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XMLHttpRequest Onloadend Event Not Running On Error

- 1 answer

Is there an event that'll run whether on success or error with Node.js's XMLHttpRequest module? According to the docs, the onloadend event should trigger both on error and success, but it only runs on success. For example:

var XMLHttpRequest = require( 'xmlhttprequest' ).XMLHttpRequest;

var url = 'https://www.example-bad-url.com/json.php';

var xhr = new XMLHttpRequest();

xhr.open( 'GET', url );
xhr.send();

xhr.onloadend = function() {
    // This should get logged, but it doesn't.
    console.log( 'The request has completed, whether successfully or unsuccessfully.' );
}

In the above script, onloadend doesn't run, why? The URL doesn't exist, so it should trigger onloadend as an error and log "The request has completed..." but the callback function never runs, why?

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Answer

The xmlhttprequest library for node.js does not fully implement the spec correctly.

If we dig into the code on github, we see the following line of code:

  if (self.readyState === self.DONE && !errorFlag) {
    self.dispatchEvent("load");
    // @TODO figure out InspectorInstrumentation::didLoadXHR(cookie)
    self.dispatchEvent("loadend");
  }

So the load and the loadend event handlers are only triggered when there is NOT an error, consistent with our observations where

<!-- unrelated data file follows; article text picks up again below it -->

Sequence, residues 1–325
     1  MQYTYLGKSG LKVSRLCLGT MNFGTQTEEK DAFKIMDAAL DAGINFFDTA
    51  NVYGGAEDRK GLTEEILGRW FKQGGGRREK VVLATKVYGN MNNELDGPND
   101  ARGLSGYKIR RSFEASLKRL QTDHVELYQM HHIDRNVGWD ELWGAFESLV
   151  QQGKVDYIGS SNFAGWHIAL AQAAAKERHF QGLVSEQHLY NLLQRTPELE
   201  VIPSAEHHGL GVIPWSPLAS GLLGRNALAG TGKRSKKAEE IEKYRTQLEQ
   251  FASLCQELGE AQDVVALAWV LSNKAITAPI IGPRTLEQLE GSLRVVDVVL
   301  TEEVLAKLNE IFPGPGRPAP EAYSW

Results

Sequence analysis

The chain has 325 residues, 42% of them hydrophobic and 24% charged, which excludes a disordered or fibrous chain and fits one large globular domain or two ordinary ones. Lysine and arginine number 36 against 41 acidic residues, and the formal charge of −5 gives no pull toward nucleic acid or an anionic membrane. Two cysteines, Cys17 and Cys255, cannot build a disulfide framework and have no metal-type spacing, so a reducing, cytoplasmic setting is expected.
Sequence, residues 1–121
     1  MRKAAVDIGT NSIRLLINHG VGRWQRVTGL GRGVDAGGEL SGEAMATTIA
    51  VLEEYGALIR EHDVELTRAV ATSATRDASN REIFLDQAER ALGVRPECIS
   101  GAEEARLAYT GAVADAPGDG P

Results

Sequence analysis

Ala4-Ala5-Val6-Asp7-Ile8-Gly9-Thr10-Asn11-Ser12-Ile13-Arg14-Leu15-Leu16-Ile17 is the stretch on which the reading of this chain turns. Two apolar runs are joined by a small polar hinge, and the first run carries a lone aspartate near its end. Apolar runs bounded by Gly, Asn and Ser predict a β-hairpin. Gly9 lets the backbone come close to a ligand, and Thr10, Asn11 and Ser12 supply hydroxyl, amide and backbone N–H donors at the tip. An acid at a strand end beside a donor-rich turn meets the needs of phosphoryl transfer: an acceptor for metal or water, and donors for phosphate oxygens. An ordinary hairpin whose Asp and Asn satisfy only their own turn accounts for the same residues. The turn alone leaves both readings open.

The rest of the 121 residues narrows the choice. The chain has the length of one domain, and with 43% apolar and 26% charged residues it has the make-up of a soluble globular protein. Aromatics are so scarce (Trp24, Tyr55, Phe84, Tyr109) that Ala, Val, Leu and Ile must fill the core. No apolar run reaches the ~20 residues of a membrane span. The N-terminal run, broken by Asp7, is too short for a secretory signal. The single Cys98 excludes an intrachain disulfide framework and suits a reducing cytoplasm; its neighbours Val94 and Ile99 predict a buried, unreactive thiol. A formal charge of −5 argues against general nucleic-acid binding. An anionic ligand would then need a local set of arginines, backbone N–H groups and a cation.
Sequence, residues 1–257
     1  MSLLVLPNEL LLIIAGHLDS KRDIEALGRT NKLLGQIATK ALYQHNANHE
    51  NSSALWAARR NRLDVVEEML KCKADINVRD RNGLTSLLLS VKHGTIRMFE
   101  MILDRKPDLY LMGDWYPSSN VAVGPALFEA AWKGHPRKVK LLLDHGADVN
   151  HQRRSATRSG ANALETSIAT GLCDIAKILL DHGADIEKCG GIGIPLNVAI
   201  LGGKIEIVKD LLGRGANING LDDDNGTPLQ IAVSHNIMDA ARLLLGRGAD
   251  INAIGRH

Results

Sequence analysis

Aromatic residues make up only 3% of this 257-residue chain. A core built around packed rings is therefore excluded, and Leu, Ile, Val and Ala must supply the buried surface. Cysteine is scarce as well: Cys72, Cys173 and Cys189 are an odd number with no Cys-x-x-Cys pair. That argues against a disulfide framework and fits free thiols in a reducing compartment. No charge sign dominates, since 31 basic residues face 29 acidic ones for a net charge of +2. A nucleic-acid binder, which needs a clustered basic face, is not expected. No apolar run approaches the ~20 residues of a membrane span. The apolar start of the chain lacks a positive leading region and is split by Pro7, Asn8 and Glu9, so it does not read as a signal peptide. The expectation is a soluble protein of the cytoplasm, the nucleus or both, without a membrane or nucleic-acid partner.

xhr.onloadend = function() {
    // This should get logged, but it doesn't.
    console.log( 'The request has completed.' );
};

will only log when the event succeeded.

My advice would be to trigger the event manually in the .onerror() handler, which does work. Keep in mind that this is a 3rd party node.js module, not a native one.

Personally I just wrote a small wrapper around xmlhttprequest that mimics the .fetch() interface. The node.js version uses the native node.js http library and the client side version uses xmlhttprequest.

That way I can use the same .fetch() API for both front end and back end code, and just let the system decide if it'll use native fetch, xmlhttp powered fetch, or http powered fetch.

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source: stackoverflow.com
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